Categories: Open Source

IBM WebSphere Application Server V8.5.5 Liberty Profile Developer Tools for Eclipse Kepler

An eclipse Kepler IDE for building and deploying Java EE, OSGi and Web 2.0 applications to WebSphere Application Server V8.5.5 Liberty Profile. For more information about installing this version of the tools, see https://developer.ibm.com/wasdev/downloads/#asset/tools-WebSphere_Develo...

Categories: Open Source

NetBeans Community Approves NetBeans IDE 8.0 for Release

NetBeans Highlights - Thu, 06/12/2014 - 13:40
We are pleased to announce the results of the NetBeans IDE 8.0 Community Acceptance Survey that ended March 11th: 93% of 133 respondents agree that NetBeans IDE 8.0 Release Candidate is stable enough to be shipped! A few respondents pointed out several serious issues. We evaluated them all not to overlook some important problem. We have noticed an increased satisfaction with Java Editor (+6%) since NetBeans IDE 7.4 and 0% dissatisfaction with Java SE 8 support, JavaScript Editor and C/C++ support. Check it out yourselves! Overall, this is a good news for the NetBeans IDE 8.0 from the community, and we thank all who provided this valuable feedback!
Categories: Java, Open Source

Welcome to the New eclipse.org

Eclipse News - Wed, 06/11/2014 - 20:00
We have launched the new www.eclipse.org web site. The goal is to have a more modern looking and simplified experience for individuals coming to eclipse.org.
Categories: Open Source

An update on container support on Google Cloud Platform

Google Open Source Blog - Wed, 06/11/2014 - 19:23
Cross posted from the Google Cloud Platform Blog

Everything at Google, from Search to Gmail, is packaged and run in a Linux container. Each week we launch more than 2 billion container instances across our global data centers, and the power of containers has enabled both more reliable services and higher, more-efficient scalability. Now we’re taking another step toward making those capabilities available to developers everywhere.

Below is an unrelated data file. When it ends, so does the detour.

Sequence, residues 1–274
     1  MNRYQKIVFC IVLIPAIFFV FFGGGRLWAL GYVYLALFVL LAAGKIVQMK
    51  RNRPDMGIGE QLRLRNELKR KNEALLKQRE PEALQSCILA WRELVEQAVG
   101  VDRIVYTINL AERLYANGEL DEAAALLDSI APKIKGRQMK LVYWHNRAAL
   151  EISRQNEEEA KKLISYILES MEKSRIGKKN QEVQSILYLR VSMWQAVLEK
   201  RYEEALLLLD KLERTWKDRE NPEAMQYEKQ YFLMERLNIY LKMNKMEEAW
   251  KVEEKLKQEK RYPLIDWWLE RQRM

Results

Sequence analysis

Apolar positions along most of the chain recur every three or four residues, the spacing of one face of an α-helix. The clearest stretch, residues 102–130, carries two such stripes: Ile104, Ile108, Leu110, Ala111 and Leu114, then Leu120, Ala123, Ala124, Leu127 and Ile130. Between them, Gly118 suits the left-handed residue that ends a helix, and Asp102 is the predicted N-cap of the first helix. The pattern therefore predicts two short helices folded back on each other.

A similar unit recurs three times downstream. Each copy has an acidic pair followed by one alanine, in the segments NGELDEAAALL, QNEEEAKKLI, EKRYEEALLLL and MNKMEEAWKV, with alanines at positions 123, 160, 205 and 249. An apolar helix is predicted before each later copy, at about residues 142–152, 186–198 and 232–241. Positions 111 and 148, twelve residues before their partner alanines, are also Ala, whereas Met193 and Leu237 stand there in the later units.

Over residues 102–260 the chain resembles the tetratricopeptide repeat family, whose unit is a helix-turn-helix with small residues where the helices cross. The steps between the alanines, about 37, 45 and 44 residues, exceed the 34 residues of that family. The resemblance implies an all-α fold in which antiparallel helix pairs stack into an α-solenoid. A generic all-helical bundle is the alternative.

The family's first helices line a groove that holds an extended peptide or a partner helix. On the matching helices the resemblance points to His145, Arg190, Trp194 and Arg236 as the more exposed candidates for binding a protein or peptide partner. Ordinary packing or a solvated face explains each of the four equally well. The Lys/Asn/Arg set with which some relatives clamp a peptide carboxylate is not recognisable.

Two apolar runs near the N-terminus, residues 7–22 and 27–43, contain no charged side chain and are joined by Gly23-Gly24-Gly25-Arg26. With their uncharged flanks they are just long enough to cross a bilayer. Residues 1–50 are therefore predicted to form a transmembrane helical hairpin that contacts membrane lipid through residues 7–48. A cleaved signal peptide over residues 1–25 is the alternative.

Support for Docker images in Google App Engine
Last month we released improved Docker image support in Compute Engine. Today, we’re building on that work and adding a set of extensions that allow App Engine developers to build and deploy Docker images in Managed VMs. Developers can use these extensions to easily access the large and growing library of Docker images, and the Docker community can easily deploy containers into a completely managed environment with access to services such as Cloud Datastore. If you want to try it, sign up via this form.

Kubernetes—an open source container manager
Based on our experience running Linux containers within Google, we know how important it is to be able to efficiently schedule containers at Internet scale. We use Omega within Google, but many developers have more modest needs. To that end, we’re announcing Kubernetes, a lean yet powerful open-source container manager that deploys containers into a fleet of machines, provides health management and replication capabilities, and makes it easy for containers to connect to one another and the outside world. (For the curious, Kubernetes (koo-ber-nay'-tace) is Greek for “helmsman” of a ship.) Kubernetes was developed from the outset to be an extensible, community-supported project. Take a look at the source and documentation on GitHub and let us know what you think via our mailing list. We’ll continue to build out the feature set, while collaborating with the Docker community to incorporate the best ideas from Kubernetes into Docker.

Container stack improvements
We’ve released an open-source tool called cAdvisor that enables fine-grain statistics on resource usage for containers. It tracks both instantaneous and historical stats for a wide variety of resources, handles nested containers, and supports both LMCTFY and Docker’s libcontainer. It’s written in Go with the hope that we can move some of these tools into libcontainer directly if people find them useful (as we have).

A commitment to open container standards
Finally, I'm happy that I've been nominated to Docker's Governance Committee to continue working with the Docker community toward better open container standards. Containers have been a great building block for Google and by working together we can make them the key building block for “cloud native” applications.

-Posted by Eric Brewer, VP of Infrastructure

Categories: Open Source

Getting Started with Apache Spark

DevX: Open Source Articles - Wed, 06/11/2014 - 16:55
Learn more about Apache Spark and the various aspects of this framework.
Categories: Open Source